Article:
Cholesterol is a fat-like substance in the blood which, if elevated, has been associated with heart disease.
Total Cholesterol: A high cholesterol in the blood is a major risk factor for heart and blood vessel disease. https://www.positivehealthwellness.com/ Cholesterol in itself is not all bad; in fact, our bodies need a certain amount of this substance to function properly. However, when the level gets too high, vascular disease can result. A total cholesterol of less than 200, and an LDL Cholesterol of 100 or less is considered optimal by the National Heart, Lung, and Blood Institute. The levels that your doctor will recommend depend upon whether you are at high risk for cardiovascular disease.
As the level of blood cholesterol increases, so does the possibility of plugging the arteries due to cholesterol plaque build-up. Such a disease process is called “hardening of the arteries” or atherosclerosis. When the arteries feeding the heart become plugged, a heart attack may occur. If the arteries that go to the brain are affected, then the result is a stroke.
There are three major kinds of cholesterol, High Density Lipoprotein (HDL), Low Density Lipoprotein (LDL), and Very Low Density Lipoprotein (VLDL).
LDL Cholesterol is considered “bad cholesterol” because cholesterol deposits form in the arteries when LDL levels are high. While an LDL level of less than 130 is recommended, 100 is optimal and values greater than 160 are considered high risk and should be followed up by your physician. Those persons who have established coronary or vascular disease may be instructed by their doctor to get their LDL Cholesterol well below 100. You should ask your doctor which LDL target he or she wants for you. There are two ways to report LDL. The most common is simply an estimate calculated from the Total Cholesterol, HDL, and triglycerides results. This may say “LDL Calc.” A directly measured LDL Cholesterol is usually more accurate, but more expensive and may require that your doctor specify the direct LDL.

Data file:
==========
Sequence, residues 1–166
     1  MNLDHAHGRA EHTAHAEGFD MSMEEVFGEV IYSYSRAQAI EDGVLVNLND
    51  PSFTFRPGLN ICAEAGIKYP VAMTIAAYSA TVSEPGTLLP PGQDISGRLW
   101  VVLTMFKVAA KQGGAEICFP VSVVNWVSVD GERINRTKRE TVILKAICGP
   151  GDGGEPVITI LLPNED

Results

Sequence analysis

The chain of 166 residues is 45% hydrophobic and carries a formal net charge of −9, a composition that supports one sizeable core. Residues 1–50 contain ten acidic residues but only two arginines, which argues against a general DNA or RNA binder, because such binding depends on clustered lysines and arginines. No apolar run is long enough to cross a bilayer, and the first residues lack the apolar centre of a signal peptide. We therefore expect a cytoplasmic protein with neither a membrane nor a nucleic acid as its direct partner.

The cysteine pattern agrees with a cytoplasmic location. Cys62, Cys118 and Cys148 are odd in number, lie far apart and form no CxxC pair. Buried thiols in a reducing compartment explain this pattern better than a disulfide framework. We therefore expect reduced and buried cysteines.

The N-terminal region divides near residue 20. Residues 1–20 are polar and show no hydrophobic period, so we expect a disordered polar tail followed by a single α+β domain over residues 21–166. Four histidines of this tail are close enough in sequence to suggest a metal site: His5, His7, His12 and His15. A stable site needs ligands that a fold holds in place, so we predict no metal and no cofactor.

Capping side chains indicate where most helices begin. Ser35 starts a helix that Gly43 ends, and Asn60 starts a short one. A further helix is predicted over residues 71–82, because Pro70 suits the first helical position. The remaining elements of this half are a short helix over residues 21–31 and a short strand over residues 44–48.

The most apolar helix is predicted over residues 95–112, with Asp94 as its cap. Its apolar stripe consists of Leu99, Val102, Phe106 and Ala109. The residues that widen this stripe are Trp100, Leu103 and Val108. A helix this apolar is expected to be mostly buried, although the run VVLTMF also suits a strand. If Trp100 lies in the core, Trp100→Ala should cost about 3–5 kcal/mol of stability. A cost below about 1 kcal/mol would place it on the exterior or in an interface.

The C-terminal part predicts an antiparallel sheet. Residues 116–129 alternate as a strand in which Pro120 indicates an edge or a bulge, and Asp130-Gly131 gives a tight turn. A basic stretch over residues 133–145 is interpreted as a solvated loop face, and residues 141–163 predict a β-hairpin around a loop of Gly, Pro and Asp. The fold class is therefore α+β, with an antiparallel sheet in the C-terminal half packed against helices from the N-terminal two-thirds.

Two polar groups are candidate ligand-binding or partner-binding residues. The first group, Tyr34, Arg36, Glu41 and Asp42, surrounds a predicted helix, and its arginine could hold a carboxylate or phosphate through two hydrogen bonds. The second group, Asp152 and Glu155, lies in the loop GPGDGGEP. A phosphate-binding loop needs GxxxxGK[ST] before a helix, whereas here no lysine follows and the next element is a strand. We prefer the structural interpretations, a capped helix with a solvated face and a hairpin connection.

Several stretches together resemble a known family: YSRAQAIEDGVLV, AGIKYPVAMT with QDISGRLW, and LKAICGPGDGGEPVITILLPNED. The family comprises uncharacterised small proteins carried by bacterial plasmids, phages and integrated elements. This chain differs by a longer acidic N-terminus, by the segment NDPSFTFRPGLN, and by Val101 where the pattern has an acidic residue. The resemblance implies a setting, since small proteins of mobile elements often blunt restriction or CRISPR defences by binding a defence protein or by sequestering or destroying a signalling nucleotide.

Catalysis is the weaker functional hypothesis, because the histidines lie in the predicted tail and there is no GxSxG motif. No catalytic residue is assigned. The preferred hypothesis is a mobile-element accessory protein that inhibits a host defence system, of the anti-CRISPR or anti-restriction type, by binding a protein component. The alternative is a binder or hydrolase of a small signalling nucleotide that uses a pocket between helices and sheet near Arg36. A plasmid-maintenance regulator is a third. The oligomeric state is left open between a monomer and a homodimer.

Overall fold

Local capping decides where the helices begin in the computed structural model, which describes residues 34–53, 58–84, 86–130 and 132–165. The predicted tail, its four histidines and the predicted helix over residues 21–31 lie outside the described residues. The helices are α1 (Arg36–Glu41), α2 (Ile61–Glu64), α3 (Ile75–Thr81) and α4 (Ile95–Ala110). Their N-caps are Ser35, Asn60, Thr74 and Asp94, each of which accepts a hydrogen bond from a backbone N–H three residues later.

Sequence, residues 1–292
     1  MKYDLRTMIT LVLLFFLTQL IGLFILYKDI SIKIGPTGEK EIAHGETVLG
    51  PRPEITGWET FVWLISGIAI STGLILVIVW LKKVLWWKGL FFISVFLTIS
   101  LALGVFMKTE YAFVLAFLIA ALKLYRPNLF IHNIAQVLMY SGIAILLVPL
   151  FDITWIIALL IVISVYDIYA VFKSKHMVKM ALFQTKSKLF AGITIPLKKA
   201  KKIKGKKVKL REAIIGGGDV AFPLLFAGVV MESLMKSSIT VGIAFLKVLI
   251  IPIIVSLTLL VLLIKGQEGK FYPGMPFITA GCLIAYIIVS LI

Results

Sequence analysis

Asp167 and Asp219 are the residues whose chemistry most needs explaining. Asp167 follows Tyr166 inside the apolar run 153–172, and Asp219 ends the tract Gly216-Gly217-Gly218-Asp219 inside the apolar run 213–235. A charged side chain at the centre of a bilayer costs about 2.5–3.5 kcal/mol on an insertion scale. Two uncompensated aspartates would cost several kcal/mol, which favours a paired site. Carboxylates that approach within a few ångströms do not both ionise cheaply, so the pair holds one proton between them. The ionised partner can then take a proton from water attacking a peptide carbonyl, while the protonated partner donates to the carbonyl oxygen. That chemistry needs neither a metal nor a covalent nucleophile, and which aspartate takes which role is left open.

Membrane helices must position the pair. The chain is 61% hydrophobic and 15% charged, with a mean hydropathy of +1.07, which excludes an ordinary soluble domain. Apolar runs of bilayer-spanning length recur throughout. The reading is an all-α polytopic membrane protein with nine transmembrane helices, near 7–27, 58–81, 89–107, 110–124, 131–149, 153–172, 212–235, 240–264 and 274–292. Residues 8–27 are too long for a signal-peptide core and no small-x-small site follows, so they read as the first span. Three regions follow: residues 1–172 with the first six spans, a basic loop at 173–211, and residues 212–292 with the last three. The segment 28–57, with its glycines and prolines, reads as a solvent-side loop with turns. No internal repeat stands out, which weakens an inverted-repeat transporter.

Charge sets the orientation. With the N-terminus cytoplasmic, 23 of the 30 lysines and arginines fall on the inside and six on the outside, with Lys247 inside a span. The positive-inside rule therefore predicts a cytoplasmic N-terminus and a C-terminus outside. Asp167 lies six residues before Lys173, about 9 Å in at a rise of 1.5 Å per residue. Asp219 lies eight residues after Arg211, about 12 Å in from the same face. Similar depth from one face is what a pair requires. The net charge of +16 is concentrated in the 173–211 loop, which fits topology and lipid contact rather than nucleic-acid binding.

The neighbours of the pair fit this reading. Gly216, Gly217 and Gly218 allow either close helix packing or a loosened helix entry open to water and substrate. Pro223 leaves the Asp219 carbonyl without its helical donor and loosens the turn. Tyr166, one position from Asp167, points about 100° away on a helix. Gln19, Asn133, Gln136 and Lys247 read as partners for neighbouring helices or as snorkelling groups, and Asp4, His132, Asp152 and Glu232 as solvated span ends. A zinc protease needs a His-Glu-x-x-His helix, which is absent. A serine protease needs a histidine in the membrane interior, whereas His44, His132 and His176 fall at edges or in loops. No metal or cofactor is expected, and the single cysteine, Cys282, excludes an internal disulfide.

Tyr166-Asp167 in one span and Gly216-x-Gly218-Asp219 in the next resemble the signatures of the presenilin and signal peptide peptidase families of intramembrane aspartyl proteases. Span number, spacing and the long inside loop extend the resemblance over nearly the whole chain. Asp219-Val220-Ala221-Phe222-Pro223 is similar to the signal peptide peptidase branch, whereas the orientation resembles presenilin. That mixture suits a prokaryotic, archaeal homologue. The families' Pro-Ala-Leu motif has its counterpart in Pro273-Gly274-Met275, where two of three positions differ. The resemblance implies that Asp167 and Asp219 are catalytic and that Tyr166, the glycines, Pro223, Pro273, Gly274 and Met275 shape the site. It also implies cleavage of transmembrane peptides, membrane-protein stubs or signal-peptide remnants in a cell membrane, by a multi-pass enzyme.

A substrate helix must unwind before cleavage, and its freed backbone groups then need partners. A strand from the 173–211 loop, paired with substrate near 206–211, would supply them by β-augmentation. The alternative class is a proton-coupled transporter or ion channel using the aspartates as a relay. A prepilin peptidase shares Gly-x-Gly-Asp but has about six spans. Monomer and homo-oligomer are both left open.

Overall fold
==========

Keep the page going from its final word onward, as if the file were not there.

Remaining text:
HDL cholesterol is a ‘good cholesterol’ as it protects against heart disease by helping remove excess cholesterol deposited in the arteries. High levels seem to be associated with low incidence of coronary heart disease.
Triglyceride is fat in the blood which, if elevated, has been associated with heart disease, especially if over 500 mg. High triglycerides are also associated with pancreatitis. Triglyceride levels over 150 mg/dl may be associated with problems other than heart disease. Ways to lower triglycerides include: 1) reduce weight, if overweight; 2) reduce animal fats in the diet: eat more fish; 3) take certain medications your physician can prescribe; 4) get regular aerobic exercise; 5) decrease alcohol and sugar consumption—alcohol and sugar are not fats, but the body can convert them into fats then dump those fats into your blood stream 6) restrict calories – carbohydrates are converted to triglycerides when eaten to excess.
VLDL (very low density lipoprotein) is another carrier of fat in the blood.